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Put Your Sweet Hand In Mine, Battersea Arts Centre – Review

Pros: A slick and evocative multimedia production. Bravely and pristinely acted.

Cons: The narrated sections, though expressed clearly, were a little over detailed and therefore hard to imagine.

Pros: A slick and evocative multimedia production. Bravely and pristinely acted. Cons: The narrated sections, though expressed clearly, were a little over detailed and therefore hard to imagine. Put Your Sweet Hand in Mine takes place in a dimly lit room tucked away at the back of the Battersea Arts Centre. The set, comprised of two rows of chairs facing each other, is designed to resemble a carriage on the Paris Metro. The distance between the rows is disconcertingly close. Overhead runs a single line of bare bulbs. The creators and performers of the piece, Andy Field and Ira…

Summary

Rating

Good

A playful and intimate piece of experimental theatre that involves the audience in reflecting on their innermost thoughts about love.

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Put Your Sweet Hand in Mine takes place in a dimly lit room tucked away at the back of the Battersea Arts Centre. The set, comprised of two rows of chairs facing each other, is designed to resemble a carriage on the Paris Metro. The distance between the rows is disconcertingly close. Overhead runs a single line of bare bulbs. The creators and performers of the piece, Andy Field and Ira Brand, are daringly seated among the audience. Their job is to guide their ‘commuters’ through an hour-long meditation on the highs and lows of love and what this might lead to.

The production is well paced and seamlessly performed throughout, using a heap of neat techniques and devices. The actors switch between using their natural voice and a microphone, as well as between directing the audience and talking to each other. They leap to and from their seats to either end of the aisle, acting in character as strangers who meet on a train and fall in love. There’s an extensive blackout so the audience can imagine what this couple’s love is like (and perhaps their own too). To help this along, there’s the sound of birds, a raging storm, a pop music love anthem. And ice cubes, dripping water, and very wet clothes.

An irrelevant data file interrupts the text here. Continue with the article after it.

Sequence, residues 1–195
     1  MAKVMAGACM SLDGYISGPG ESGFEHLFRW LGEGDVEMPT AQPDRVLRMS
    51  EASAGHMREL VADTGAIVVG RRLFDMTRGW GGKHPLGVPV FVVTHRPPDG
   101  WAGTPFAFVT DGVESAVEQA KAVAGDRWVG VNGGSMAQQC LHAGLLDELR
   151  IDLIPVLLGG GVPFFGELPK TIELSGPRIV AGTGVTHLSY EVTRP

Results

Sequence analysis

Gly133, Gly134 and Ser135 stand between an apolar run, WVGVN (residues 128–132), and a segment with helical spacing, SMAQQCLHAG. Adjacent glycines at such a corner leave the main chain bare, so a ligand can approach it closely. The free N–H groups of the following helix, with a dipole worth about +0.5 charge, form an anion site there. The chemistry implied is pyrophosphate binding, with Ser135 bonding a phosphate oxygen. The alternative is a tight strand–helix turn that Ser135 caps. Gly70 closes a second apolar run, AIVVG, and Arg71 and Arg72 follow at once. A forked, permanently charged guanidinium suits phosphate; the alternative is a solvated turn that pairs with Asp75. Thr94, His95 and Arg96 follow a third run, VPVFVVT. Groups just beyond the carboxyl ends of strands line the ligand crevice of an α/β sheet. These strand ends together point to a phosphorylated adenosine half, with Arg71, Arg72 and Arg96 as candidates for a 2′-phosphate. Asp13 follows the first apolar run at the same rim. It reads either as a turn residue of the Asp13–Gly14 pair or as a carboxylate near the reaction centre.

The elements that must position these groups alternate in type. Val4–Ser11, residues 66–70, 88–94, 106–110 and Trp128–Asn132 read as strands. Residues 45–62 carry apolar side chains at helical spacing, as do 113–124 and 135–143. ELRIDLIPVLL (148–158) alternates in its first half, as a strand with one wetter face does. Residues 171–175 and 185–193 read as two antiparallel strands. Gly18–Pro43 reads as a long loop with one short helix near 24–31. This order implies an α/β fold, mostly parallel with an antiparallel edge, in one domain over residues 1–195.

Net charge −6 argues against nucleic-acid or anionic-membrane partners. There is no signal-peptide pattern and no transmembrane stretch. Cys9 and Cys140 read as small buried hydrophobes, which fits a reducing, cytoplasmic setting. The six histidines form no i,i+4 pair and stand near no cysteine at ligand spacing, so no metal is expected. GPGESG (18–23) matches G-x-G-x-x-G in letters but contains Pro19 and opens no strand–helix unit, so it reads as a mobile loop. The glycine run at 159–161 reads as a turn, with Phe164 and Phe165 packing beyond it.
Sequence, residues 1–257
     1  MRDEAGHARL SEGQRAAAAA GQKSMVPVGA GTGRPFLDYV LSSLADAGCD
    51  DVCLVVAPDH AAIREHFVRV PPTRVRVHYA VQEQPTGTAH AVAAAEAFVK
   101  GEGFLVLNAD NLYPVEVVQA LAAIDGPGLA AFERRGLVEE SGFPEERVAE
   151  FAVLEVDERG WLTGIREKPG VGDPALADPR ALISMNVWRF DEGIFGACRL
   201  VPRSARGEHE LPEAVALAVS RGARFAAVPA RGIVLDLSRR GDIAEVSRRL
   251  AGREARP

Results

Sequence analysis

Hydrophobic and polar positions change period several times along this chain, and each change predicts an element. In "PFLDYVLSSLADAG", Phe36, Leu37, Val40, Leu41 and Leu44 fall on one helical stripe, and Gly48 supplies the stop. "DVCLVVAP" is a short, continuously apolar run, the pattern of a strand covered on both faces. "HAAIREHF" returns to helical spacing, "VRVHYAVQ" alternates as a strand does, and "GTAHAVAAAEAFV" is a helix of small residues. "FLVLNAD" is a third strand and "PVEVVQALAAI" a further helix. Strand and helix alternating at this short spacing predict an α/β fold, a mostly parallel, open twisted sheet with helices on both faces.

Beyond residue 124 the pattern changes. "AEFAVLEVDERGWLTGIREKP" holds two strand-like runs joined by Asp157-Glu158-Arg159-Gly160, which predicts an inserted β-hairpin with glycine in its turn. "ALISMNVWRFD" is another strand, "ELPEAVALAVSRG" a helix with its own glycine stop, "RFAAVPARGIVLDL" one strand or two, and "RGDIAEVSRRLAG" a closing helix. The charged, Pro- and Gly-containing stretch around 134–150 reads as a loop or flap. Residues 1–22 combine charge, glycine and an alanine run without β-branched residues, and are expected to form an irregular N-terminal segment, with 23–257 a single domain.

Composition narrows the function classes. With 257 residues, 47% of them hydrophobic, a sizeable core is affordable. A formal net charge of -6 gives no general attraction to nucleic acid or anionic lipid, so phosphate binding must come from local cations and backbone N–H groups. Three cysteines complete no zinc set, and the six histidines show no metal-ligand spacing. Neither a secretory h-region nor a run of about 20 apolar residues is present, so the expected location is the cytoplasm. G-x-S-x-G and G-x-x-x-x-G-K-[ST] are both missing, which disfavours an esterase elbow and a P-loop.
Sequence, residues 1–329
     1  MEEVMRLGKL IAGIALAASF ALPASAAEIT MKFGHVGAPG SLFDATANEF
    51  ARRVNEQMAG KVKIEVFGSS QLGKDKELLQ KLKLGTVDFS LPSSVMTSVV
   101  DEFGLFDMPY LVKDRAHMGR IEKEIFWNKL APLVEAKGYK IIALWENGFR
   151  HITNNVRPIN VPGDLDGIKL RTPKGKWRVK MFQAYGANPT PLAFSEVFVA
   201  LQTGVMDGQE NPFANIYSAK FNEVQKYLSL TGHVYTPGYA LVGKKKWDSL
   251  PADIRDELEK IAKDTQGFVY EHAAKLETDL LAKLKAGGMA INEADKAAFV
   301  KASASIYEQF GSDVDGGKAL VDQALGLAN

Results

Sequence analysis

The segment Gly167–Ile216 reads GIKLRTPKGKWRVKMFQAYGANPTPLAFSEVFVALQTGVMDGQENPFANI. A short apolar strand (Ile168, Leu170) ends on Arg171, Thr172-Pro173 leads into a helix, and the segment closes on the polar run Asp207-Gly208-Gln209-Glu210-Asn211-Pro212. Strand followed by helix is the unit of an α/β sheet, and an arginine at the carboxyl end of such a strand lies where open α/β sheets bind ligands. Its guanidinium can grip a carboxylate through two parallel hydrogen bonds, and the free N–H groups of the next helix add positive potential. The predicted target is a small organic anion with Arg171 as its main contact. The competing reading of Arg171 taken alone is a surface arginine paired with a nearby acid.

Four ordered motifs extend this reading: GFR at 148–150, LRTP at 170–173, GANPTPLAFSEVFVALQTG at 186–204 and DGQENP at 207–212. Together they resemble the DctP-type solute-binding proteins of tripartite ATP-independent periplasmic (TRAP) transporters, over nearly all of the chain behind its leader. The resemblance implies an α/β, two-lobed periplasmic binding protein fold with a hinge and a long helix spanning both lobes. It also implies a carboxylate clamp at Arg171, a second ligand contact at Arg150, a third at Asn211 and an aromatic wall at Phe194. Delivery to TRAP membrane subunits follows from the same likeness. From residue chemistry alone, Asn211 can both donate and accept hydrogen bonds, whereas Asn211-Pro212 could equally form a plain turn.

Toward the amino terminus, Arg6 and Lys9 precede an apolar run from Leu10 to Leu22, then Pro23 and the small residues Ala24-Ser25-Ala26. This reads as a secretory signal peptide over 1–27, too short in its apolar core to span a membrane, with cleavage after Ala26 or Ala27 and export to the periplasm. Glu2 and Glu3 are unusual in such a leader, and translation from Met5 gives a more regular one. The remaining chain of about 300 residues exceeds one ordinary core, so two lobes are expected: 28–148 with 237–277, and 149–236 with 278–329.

The funniest moment is during a bird watching session hosted by Brand, who displays admirable skill in chatting incessantly without faultering. Text appears on a screen above her, displaying the thoughts we think when we zone out. This device makes the point that while we are somewhere, our brains are often somewhere else. The most thrilling and convincing moment is a storm scene where the thunder rips through the air and the lovers are at either end of the carriage, soaked and shouting, trying to communicate, desperate to be heard. When all is done, we’re back where we began, on a train, looking across at a stranger, but with a new appreciation and – one hopes – a willingness to reach out and connect.

I must confess that I’m not a huge fan of  active participation as an audience member. I like to sit back and let a performance work its magic, without the worry of being observed. But the demands of this show were not huge. And it clearly wants you to laugh about some of the social anxieties that come with engaging with strangers in too close a proximity, where anywhere you look or any movement you make is loaded with implication.

Overall, I felt that the all-embracing theme of love was a bit of a reach. To focus on an aspect of love, in either the characters or the audience, would have been enough. Only in the last moments of the play does the title reveal itself. Sadly, I didn’t gain any great insight about love or myself or any of the other audience members. Since the show was so well put together and performed, I hope others felt differently.

Battersea Arts Centre is worthy venue for a performance that does its best to direct you towards your inward feelings. There’s something of a ghostly feel to this rundown and part-renovated old town hall that provokes the imagination. It also has a quirky bar space. I arrived with enough time to sit and enjoy a pint of Noble, an English craft beer that’s well worth a try. Some slate boards decorate the walls. On one of them was chalked ‘Ceniscillaphobia’. Below was written its definition, ‘the fear of having an empty beer glass’. A diagnosis, as well as a good night out!

Authors: Andy Field and Ira Brand
Dramaturge: James Stenhouse
Producer: Beckie Darlington
Box Office: 020 7223 2223
Booking Link: https://www.bac.org.uk/content/31503/see_whats_on/current_shows/cook_up/put_your_sweet_hand_in_mine_
Booking Until: 22nd February 2014

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Founded in 2011, Everything Theatre started life as a pokey blog run by two theatre enthusiasts and – thanks to the Entry Pass Scheme for 16-25 year olds – regular National Theatre goers. Today, we are run by part-time volunteers from a wide array of backgrounds. Among our various contributors are people who work in theatre, but also people who work in law, medicine, events, marketing and even psychiatry! We are all united by our love for the London theatre scene.